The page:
Unfortunately, not so great. Well, the Lua module works perfectly. It loads, all functions call without a hitch. And a Lua script is a lot easier to implement than a C module. If only gphoto2 wasn’t so incredibly brittle.

The problem with a command line utility is that you have to count on it to work. Unfortunately, so many things can go wrong with gphoto2. So many errors, so many ways to get into an inconsistent state. Plus, my favorite part about all of this, is that all of this happens by magic! You can do the same thing twice and get different results! Take that Einstein!

No, it seems that my little forray into Lua has come to an end. The Module is live. However, work must re-start on dmp_pb_camera_module. Such a shame…

Introducing DMP Photo Booth

In June of 2014, I will be getting married. One problem: I am currently an unemployed student, and my fiancee Liz is also between jobs. Recent studies show that the average couple in this day and age spends an average of Twenty Four Bajillion Dollars on their wedding. Capital Bajillion. Italicised. Even were I still employed, this would pose a problem for me. Needless to say, we began looking for costs to cut. Liz really wants a photo booth, and I think it sounds fun. Unfortunatley photo booths run from $750-1000 to rent. The solution: DMP Photo Booth.

On Reinventing The Wheel

DMP Photo Booth wasn’t actually my first thought. That would be “well, there must be some open-source photo booth software we can use!” It turns out that there is. People like me who’ve had this issue and whipped something up for themselves. Some of these projects even have fancy websites. Unfortunately, none of these seem to have reached the level of maturity where you can just grab them and go. No, we’re talking old-school Linux status projects. If I’m going to have to put that much effort into making this work, I might as well roll my own. Besides, it will be good experience.

Requirements

The photo booth must do the usual photo booth stuff; it should programatically take 3-4 pictures, arrange them in a vertical strip with a background picture, and print them on photo paper. This should all work with the user only having to press a button(not a key on the laptop, an actual button), and there should be some sort of indicator when the pictures are going to be taken.

Some reasearch turns up the existence of a Picture Transfer Protocol, or PTP, that has been “supported” by the major camera vendors since 2002 or so. PTP allows you to programatically control a digital camera, and should serve nicely. I own a printer that can print on photo paper; it seems likely that I will be able to use the operating system’s printing facilities to handle this. Finally, I will construct a button and indicator thingamabober using Arduino.

Architecture

I have decided to go with a modular architecture. There will be four components: a Camera Module, a Printer Module, a Trigger Module, and the Core Application.

Core

The Core Application will bring the GUI, tenatively planned to be implemented using GTK+3, and will interface with the component modules. The core expects the component modules to implement specific functions that will be called to handle their operation. The component modules will be dynamic libraries that can be swapped out at runtime.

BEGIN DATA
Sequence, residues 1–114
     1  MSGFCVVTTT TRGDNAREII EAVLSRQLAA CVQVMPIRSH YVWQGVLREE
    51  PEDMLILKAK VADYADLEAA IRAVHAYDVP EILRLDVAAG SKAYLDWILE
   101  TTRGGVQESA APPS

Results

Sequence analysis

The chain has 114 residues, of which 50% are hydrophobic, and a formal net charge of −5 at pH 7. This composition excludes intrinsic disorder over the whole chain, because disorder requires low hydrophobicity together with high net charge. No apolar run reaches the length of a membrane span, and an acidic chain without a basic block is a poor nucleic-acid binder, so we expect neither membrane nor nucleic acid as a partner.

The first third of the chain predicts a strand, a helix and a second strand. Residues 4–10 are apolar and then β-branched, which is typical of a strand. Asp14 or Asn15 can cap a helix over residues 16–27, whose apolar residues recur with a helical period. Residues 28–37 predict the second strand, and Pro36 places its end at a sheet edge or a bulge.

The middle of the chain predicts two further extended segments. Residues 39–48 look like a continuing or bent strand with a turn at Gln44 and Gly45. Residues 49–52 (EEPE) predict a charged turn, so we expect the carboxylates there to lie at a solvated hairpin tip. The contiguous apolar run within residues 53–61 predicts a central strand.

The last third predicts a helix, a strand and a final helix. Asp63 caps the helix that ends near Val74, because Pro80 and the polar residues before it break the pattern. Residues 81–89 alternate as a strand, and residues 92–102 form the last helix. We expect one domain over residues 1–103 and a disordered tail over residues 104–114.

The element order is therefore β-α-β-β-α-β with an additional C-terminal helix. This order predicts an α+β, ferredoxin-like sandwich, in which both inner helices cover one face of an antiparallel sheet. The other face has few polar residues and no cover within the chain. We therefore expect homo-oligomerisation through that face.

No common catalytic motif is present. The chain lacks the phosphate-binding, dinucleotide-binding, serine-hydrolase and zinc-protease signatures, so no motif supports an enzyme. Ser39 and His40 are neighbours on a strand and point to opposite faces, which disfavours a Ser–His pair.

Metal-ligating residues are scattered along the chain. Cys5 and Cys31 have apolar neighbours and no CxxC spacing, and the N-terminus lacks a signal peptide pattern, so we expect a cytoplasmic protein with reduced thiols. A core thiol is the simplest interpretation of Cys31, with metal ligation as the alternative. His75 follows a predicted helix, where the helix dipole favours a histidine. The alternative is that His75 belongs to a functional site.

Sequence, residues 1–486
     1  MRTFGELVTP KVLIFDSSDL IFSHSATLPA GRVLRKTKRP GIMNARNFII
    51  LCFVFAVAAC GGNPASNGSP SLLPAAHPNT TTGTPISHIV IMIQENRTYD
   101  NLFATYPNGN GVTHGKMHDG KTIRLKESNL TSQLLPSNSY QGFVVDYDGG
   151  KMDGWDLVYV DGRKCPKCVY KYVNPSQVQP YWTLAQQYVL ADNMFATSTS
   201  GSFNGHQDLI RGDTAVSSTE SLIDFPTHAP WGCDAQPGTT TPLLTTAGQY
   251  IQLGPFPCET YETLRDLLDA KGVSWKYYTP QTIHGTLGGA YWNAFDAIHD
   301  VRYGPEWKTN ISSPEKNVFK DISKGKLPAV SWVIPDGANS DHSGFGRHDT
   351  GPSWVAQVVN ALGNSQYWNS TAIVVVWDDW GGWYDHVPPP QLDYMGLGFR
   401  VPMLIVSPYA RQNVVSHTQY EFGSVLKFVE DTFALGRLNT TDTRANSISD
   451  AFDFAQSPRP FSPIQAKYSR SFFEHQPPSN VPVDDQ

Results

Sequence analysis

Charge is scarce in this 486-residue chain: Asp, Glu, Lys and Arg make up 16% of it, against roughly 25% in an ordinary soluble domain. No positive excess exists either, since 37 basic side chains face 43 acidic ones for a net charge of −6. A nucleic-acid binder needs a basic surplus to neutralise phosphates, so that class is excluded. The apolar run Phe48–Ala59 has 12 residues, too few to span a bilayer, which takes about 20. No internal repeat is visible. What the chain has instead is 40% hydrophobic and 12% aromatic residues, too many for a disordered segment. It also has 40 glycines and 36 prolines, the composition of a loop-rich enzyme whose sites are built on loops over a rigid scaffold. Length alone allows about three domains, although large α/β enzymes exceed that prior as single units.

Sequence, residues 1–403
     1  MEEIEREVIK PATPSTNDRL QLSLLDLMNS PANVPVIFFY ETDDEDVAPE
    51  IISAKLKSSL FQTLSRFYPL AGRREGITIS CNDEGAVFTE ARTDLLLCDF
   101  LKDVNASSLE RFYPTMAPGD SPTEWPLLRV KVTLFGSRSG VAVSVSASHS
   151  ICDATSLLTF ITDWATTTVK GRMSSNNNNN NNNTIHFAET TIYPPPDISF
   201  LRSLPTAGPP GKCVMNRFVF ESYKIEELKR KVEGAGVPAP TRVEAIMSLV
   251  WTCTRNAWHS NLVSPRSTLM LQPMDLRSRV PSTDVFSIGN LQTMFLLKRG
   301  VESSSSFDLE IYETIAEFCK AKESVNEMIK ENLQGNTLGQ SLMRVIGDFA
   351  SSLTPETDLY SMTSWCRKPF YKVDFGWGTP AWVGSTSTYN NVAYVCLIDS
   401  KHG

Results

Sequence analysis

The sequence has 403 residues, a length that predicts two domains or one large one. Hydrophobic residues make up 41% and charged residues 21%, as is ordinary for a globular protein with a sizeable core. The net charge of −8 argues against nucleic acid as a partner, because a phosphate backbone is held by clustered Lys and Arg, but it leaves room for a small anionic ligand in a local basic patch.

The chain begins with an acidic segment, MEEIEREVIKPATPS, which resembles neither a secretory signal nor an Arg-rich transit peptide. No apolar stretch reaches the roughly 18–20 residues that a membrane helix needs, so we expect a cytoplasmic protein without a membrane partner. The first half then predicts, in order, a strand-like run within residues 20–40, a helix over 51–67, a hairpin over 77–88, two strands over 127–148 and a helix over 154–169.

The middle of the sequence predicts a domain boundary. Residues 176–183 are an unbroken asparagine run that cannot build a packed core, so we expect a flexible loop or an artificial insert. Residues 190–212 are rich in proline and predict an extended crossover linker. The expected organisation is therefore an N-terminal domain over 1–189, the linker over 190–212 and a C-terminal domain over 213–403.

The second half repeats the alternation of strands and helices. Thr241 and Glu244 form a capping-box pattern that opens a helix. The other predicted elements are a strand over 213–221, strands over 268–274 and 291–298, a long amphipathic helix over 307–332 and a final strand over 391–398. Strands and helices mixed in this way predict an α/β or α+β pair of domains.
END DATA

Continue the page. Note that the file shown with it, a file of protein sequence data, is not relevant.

Camera Module

The Camera Module will handle the operation of the camera. The Camera Module currently is expected to implement two functions:

int dmp_cm_capture(); int dmp_cm_download(char * location);

These two functions do what they say: the first takes a picture, and the second downloads the picture to the passed-in path. The reference Camera Module will use libgphoto2 to implement these functions, but this module exists to provide the capability to use any method. A module that uses some other PTP library, or some custom protocol, or a dummy module that uses a picture on the filesystem, or uses a scanner, or anything else can be swapped in at runtime and this will all be transparent to the Core.

Printer Module

Shockingly, the Printer Module will handle printing. The Printer Module is currently expected to implement one function:

int dmp_pm_print(char * to_print);

This function prints the file at the path that is passed into the function. This module prevents the Core from needing to know how to print. The Core tells the Printer Module to print, and the Printer Module can figure out how to print in Linux, or Mac OSX, or how to print to a Game Boy Printer, or whatever. The Core doesn’t care.

Trigger Module

The Trigger Module is the module that knows how to operate the custom photo booth equipment. The Trigger Module currently is expected to implement two functions:

int dmp_tm_add_trigger_handler(void (*th)()); int dmp_tm_set_countdown(int current);

The first function adds a callback function that will be called by the Trigger Module when it detects that the button has been pressed. The second function updates the countdown indicator. Since some dealybopper that I made out of Arduino is basically the definition of non-portable, I decided to create a module for it. The reference implementation will be written for my equipment, but this module can be replaced with one that uses some other input device with minimal effort.

Moving Forward

DMP Photo Booth represents my first major open source project, and it has many moving parts. With this groundwork laid, I have broken the project down into more manageable chunks. I have four main components that each represent different challenges: GUI programming in the Core, poorly documented mystery libraries in the Camera Module, Learning to Arduino to finish the Trigger Module, and learning the Linux printing system for the Printer Module.

Rome wasn’t built in a day, but it was started in one. There will surely be many challenges and roadblocks on the way. Expect to hear all about them here!